Everyone now knows that the credit crunch began with American banks giving seemingly crazy loans to poor or uneducated home-buyers who had little or no chance of repaying them.
Early hopes that the problem would be restricted to these so-called sub-prime borrowers have been dashed and the credit crunch is now spreading rapidly to engulf homeowners in middle-class suburbs and on to squeeze industries and jobs in America and around the world.
No-one now seems to knows how big the problem is or where it's going to end, but all seem to be agreed it's set to get far worse in 2008.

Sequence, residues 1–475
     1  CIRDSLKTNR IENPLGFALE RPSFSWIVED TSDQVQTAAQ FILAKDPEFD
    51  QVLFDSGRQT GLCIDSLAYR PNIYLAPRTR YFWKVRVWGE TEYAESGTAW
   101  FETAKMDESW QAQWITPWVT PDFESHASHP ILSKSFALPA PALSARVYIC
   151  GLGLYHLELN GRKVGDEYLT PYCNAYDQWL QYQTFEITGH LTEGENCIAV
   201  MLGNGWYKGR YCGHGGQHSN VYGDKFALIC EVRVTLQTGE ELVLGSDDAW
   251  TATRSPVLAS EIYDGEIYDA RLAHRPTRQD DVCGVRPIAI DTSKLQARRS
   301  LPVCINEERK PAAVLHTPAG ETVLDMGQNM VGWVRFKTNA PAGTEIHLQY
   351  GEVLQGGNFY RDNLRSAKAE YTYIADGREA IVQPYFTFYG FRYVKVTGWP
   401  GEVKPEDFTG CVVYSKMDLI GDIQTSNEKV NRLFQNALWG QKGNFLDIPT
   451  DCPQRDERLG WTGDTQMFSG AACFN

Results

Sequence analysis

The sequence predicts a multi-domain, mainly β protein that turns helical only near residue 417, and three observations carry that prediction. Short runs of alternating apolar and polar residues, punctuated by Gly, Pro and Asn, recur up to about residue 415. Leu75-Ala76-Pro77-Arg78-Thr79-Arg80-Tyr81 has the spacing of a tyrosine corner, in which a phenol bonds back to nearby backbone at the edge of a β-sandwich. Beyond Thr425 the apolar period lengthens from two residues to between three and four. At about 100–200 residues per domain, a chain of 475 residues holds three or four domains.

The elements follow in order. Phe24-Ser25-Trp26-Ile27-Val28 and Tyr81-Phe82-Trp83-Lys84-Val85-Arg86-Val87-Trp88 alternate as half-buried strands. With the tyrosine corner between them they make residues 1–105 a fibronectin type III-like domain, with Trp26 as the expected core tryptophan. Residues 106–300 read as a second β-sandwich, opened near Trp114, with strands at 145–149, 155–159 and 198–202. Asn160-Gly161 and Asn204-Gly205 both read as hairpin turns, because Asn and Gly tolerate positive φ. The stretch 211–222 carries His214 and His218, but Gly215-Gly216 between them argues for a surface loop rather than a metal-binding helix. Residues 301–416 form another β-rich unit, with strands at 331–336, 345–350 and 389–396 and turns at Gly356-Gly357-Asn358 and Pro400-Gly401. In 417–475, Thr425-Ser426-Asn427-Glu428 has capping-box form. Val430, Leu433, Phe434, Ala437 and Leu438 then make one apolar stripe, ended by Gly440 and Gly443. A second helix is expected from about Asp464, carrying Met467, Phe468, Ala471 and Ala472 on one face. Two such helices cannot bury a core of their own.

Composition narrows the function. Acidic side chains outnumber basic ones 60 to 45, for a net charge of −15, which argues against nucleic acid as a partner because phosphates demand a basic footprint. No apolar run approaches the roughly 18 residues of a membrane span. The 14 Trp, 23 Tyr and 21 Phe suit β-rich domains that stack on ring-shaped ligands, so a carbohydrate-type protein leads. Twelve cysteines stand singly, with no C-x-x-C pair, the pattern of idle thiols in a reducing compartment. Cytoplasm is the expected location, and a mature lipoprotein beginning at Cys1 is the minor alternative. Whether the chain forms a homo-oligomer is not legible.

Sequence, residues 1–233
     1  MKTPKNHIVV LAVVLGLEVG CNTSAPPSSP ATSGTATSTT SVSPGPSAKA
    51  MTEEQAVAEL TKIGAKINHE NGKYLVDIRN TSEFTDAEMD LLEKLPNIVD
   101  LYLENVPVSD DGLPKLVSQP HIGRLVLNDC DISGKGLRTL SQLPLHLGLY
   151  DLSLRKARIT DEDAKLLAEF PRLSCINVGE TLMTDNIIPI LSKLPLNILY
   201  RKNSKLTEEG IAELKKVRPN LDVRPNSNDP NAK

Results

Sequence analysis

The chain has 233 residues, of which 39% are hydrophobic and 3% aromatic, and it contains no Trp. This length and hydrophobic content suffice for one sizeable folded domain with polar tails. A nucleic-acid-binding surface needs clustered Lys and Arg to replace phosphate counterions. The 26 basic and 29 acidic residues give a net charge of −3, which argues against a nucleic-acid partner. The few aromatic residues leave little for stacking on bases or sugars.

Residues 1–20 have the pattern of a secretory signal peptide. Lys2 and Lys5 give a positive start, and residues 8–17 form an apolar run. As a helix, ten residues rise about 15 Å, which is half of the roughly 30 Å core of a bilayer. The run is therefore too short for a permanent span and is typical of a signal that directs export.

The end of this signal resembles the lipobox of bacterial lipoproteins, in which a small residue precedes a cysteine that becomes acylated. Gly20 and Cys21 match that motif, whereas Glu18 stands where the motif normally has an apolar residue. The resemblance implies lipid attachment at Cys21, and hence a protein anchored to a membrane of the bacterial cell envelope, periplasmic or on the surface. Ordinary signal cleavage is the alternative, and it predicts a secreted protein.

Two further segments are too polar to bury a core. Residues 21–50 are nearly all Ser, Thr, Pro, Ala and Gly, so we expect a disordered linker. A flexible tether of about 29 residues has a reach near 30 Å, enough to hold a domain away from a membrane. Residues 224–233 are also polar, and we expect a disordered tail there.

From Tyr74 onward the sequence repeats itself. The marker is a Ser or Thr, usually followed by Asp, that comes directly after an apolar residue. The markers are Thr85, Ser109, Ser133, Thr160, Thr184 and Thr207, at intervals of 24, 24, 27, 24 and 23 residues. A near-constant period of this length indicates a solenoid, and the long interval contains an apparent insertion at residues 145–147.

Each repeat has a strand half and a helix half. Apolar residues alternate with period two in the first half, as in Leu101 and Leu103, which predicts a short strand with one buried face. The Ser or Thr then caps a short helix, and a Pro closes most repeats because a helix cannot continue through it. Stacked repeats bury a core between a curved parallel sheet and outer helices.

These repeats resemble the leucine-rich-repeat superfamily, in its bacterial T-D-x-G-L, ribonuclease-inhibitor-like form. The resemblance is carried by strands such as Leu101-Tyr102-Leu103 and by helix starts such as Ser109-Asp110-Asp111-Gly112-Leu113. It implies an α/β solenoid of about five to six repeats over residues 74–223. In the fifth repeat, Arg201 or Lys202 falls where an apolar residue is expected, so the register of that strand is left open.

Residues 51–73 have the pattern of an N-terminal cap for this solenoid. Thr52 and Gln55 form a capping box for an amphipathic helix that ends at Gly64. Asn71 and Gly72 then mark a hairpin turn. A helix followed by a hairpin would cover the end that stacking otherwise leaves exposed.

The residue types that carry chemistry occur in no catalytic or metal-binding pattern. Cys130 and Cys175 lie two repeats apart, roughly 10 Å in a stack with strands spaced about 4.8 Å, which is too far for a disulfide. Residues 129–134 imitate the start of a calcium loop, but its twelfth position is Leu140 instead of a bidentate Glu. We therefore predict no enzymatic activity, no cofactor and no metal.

In this special series for BBC World Service, reporter Michael Robinson delves deep into the innards of the credit crunch to try to get some answers.
Part One: Making the Debt Monster
In the first programme Michael explores how rapidly the shock wave of the credit crunch is spreading and why it is now moving far beyond the sub-prime homeowners where it began.
What are some of the little-known techniques bankers used to throw off the old constraints on their lending to create their unprecedented mountain of debt?
How have these techniques have resulted in the true extent of the debt problem being hidden away often offshore in strange new financial devices, well away from the gaze of politicians and regulators?